The Independent has reported that there has been a surge in parents who have been forced to represent themselves in children proceedings in the wake of legal aid cuts.
Before any application relating to children is submitted to the court, there is an expectation that the parties attend mediation to see if an agreement can be reached without the need of court proceedings.
Mediation is seen as a much quicker, cheaper and less stressful alternative to court proceedings. If you are eligible for legal aid, there is funding available for mediation cases. Even if you are not eligible for legal aid, the mediators hourly rates are split with the couple and are therefore cheaper than a solicitors hourly rate.
Another advantage, is that mediation may be quicker than court proceedings and the first session can be booked at a convenient time for the couple and mediator. If a further session is required then that can be booked within weeks rather than waiting months for the next court hearing.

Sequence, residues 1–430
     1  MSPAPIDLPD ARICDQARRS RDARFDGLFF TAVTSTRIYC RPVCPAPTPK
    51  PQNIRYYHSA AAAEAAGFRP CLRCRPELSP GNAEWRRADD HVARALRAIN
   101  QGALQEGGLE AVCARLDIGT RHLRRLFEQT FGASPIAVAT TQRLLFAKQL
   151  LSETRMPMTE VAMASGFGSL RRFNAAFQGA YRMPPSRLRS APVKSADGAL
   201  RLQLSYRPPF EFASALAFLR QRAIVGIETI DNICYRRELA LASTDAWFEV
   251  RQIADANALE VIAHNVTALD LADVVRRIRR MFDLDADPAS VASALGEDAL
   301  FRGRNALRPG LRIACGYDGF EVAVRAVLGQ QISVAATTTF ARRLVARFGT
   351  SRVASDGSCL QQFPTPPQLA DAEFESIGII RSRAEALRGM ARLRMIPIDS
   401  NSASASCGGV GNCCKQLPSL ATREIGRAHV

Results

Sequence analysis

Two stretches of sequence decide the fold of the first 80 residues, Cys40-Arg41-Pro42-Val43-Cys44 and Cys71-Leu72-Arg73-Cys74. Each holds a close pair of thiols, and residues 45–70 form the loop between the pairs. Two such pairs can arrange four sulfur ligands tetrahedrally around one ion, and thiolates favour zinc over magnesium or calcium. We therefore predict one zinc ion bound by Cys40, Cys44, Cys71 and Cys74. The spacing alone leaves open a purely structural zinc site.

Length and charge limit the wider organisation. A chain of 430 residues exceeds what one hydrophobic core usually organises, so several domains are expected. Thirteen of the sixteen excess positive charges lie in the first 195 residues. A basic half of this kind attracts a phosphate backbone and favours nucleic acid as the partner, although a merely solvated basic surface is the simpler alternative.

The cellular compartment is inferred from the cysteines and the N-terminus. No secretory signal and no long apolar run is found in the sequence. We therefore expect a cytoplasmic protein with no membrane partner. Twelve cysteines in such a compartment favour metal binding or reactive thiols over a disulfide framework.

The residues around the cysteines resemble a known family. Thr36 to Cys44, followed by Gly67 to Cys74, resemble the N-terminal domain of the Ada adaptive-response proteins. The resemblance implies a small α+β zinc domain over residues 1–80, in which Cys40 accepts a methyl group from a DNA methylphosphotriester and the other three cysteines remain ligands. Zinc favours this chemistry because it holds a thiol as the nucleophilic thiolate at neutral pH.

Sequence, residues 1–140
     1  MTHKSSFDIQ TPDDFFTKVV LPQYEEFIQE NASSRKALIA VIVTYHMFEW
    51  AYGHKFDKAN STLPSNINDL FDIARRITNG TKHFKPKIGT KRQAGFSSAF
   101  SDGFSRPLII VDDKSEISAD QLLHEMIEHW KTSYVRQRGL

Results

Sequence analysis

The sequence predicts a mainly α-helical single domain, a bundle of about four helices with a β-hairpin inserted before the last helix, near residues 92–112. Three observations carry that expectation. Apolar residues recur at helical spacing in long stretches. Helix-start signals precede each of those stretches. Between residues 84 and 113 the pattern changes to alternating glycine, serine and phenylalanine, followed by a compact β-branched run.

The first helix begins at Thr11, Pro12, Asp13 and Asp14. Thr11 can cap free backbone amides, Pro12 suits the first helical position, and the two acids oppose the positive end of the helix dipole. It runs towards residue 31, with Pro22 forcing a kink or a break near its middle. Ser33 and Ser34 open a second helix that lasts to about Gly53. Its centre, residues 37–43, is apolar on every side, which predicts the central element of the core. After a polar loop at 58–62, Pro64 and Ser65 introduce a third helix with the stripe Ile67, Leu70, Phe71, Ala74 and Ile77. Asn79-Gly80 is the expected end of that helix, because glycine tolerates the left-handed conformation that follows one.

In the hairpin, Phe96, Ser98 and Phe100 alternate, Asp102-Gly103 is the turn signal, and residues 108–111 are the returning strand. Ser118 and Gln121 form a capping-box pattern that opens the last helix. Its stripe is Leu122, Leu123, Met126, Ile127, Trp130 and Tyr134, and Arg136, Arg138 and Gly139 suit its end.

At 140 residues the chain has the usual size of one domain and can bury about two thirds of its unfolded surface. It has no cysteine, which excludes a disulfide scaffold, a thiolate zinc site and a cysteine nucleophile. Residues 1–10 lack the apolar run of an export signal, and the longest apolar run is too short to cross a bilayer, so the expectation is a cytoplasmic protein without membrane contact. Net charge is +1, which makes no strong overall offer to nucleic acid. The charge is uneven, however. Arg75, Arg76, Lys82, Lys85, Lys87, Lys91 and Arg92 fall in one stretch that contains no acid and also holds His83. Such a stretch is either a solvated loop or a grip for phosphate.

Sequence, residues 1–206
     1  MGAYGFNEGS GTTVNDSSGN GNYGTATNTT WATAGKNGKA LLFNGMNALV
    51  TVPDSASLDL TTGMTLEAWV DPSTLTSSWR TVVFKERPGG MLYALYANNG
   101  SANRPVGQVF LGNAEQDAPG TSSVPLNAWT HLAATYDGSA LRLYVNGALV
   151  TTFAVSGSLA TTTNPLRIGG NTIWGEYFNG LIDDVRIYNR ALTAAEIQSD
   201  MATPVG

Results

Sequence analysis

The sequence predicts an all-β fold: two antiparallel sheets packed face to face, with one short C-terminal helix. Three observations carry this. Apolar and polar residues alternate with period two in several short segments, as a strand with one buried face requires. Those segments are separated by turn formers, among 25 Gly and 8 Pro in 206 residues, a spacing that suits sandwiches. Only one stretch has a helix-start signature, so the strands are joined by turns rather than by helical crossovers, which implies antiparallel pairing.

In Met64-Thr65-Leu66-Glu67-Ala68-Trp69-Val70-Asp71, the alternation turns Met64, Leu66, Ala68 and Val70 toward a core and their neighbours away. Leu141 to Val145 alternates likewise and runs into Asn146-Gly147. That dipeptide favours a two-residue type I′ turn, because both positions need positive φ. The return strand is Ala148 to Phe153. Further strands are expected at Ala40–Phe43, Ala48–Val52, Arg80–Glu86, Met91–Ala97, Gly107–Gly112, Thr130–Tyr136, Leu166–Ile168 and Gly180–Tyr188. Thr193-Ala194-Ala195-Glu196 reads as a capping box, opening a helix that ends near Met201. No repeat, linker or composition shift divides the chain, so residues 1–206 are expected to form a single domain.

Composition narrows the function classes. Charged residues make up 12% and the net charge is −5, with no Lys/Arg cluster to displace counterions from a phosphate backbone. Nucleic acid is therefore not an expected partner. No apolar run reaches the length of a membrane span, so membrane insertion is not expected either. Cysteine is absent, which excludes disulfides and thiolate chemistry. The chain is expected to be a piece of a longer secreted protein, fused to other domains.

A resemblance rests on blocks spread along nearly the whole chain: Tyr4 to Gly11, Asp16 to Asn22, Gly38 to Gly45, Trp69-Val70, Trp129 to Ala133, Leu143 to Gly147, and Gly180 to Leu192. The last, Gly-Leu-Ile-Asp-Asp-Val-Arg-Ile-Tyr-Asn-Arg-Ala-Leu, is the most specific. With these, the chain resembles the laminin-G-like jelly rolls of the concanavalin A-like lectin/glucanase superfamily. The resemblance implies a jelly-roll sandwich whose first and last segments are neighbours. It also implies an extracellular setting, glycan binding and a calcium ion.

If you would like any further information about mediation, please contact Pauline Ellis on 01202 441959.
The number of parents forced to represent themselves in child custody battles at family courts has more than doubled in six years in the wake of legal aid cuts. Campaigners have warned “huge injustices” are taking place and children’s best interests are being “obscured”. Government data revealed 23,881 parents who applied to open private law cases for child arrangements in 2017 had no legal representation – up 134 per cent since 2011.